Articles - Policing the robots

Last month’s article on the willingness of people to trust advice given by questionnaires on the Internet and their willingness to assume that information given to them on websites was trustworthy got me thinking of the problems that we risk creating if we rush into the era of robo-advice in the financial sector without ensuring that the quality is good enough.

 By Tom Murray, Head of Product Strategy, Exaxe.
 Are we in danger of reverting to the early days of mass financial product sales when door-to-door salesmen employed the type of dubious tactics to increase sales that eventually forced the government to step in and increase regulation?
 The need for automated advice solutions is obvious. The cost of financial advice is so high that it would be completely unavailable to a large section of the population on a face-to-face basis. Their only hope of getting help in the complex world of financial products is through the use of automated solutions that can analyse their personal financial situation and recommend options to maximise their financial security.
 Thus, the need to eliminate bias within systems is great and will require imaginative solutions in order to combat it. I suggested last month that there needed to be a certification process that would ensure the system is capable of giving independent advice to a consumer, but in order to achieve this a far more holistic approach is required.
 Right through the system from the requirements definition, through the design and development stage, the biases of the humans involved are likely to come through in the process. Many companies prefer to buy-in software for this very reason as the systems vendor will be taking an industry view of the market, if it wants to sell across the market, whilst in-house solutions are often developed very much from the viewpoint of the organisation, which will have its own historical baggage to deal with. Therefore, external suppliers automatically introduce new ideas and prevent inherent bias from being maintained.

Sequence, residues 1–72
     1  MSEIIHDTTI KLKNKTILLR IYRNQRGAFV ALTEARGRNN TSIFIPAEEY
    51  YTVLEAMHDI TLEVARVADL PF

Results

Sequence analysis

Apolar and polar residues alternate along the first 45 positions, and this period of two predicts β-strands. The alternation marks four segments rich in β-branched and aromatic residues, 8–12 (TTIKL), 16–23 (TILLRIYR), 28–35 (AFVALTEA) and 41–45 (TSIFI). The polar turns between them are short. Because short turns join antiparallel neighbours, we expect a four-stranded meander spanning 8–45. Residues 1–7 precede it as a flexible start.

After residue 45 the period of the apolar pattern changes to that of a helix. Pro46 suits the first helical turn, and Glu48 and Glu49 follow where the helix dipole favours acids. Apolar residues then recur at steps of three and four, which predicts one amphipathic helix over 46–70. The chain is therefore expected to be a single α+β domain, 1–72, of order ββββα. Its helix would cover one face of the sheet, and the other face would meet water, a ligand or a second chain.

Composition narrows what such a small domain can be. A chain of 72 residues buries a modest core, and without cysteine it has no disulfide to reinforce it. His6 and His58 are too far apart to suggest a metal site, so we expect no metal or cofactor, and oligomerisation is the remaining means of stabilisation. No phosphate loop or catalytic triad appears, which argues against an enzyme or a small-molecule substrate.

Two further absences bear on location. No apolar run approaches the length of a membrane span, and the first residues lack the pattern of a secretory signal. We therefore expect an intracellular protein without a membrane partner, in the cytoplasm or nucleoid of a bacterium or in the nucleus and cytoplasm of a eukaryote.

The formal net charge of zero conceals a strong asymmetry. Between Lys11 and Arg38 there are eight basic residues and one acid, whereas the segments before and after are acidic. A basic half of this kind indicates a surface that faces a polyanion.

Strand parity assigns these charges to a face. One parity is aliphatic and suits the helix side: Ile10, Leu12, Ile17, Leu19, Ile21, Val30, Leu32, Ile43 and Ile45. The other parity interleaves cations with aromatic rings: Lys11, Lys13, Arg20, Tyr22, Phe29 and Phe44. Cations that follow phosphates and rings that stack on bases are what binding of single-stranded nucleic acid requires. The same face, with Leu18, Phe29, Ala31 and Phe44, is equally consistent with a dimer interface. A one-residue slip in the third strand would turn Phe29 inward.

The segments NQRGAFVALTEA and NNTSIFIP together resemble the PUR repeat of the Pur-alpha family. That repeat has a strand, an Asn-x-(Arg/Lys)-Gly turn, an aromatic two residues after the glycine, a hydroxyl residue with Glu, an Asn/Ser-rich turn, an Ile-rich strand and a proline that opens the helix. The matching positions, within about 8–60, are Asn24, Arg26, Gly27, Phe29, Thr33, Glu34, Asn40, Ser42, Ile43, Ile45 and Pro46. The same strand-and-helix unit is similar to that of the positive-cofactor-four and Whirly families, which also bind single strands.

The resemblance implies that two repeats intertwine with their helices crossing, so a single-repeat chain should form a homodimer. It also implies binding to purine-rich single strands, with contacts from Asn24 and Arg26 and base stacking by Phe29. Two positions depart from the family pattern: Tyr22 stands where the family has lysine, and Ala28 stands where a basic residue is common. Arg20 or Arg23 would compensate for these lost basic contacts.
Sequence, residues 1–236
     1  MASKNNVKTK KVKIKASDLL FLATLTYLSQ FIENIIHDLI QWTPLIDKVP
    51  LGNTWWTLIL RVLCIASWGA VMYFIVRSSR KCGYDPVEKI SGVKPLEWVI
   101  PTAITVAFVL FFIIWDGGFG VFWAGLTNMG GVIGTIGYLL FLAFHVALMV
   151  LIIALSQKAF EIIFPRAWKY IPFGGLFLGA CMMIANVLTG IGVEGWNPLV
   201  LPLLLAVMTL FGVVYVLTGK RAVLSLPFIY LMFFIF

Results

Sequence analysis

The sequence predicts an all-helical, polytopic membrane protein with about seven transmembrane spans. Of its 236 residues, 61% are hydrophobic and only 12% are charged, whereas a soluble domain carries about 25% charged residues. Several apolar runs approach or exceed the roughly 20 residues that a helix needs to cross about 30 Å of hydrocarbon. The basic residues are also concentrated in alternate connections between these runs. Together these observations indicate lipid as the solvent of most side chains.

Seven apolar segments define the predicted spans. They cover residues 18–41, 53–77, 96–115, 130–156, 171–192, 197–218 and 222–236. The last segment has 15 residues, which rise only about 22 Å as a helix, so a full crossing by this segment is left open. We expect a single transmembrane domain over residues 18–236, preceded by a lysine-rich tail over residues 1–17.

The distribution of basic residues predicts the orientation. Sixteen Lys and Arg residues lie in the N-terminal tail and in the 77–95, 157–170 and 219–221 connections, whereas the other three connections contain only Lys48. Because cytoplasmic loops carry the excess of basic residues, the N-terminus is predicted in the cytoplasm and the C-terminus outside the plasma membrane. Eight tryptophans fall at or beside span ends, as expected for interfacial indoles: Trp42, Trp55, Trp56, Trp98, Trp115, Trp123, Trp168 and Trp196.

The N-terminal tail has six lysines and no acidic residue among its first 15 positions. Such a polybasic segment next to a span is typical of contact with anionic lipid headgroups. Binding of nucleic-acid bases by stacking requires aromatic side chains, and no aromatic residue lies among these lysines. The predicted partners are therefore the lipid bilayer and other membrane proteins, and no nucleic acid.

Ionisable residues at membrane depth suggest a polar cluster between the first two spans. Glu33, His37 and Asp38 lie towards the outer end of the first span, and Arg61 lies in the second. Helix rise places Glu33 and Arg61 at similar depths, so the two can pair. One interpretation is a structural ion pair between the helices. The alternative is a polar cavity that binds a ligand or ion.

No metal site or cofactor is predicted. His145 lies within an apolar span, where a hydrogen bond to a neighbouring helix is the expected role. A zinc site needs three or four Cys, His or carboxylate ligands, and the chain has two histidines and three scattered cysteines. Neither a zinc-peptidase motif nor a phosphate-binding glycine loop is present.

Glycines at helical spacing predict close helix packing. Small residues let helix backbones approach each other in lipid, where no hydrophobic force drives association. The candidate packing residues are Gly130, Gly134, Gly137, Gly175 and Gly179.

But even independent suppliers are exposed to the danger of creating their solutions with biases embedded. The challenge is to ensure that these biases, which are natural to all humans, do not ultimately affect either the output of the system, nor the advice that it tenders to the consumer.
 It seems peculiar to imagine automated solutions being biased but it is obvious when one stops to think about it. Any algorithm will naturally be developed with the biases of the designer in mind, e.g. if the designer is inclined to believe that protection is more important to lower earners than investment, that particular algorithm will have a bias towards protection recommendations for people in those circumstance. It is completely natural. It is also very dangerous. The very strength of robo-advisers, their potential to reach vast swathes of the population, also means that their capacity to missell is far greater and could damage the interests of far more consumers than a standard human adviser ever could.
 The regulators need to get ahead of this industry whilst it is still in the early stages of establishment. After so many financial scandals of the recent past – one thinks in particular of PPI – we should now realise that spending money upfront to avoid financial scandals is far more economic than waiting until the crisis has unfolded and imposing fines and compensation payments to try to sort it out then.
 The adherence of automated advice solutions to the principles and practices of the regulator’s rules is vital to preserve the integrity of our financial services market. However, control in this new era will not be as easily sorted through the FCA’s current principles based approach. Whilst human advisers keep themselves aware of the market and can adjust their approach based on the latest news articles and discussion forums in the industry, the capacity of machines to learn from events and amend its actions based on principles is very low.
 Instead the regulator is going to have to get its hands dirty and return to a more prescriptive approach to rule making. Rigid rules rather than generic principles are the only way forward to enable a consistent approach to be taken across the next generation robo-advisers. This will mean far greater involvement of the FCA in developing the rules and defining the acceptable outcomes that those developing the automated solutions will have to follow.
 To support this, one can see the difficulties that automated cars are having in being able to make the type of judgements that humans are capable of making in a split second. Quite a few accidents have happened to date whilst the systems that guide these cars struggle to cope with the less than rational approach that humans generally have toward driving.
 This applies ten-fold in terms of the human approach to money, with a huge divergence across society at an individual level in attitudes to money. A bright future awaits with the advent of automated advice solutions, but care needs also to be taken before the problems of earlier unregulated eras are replicated.

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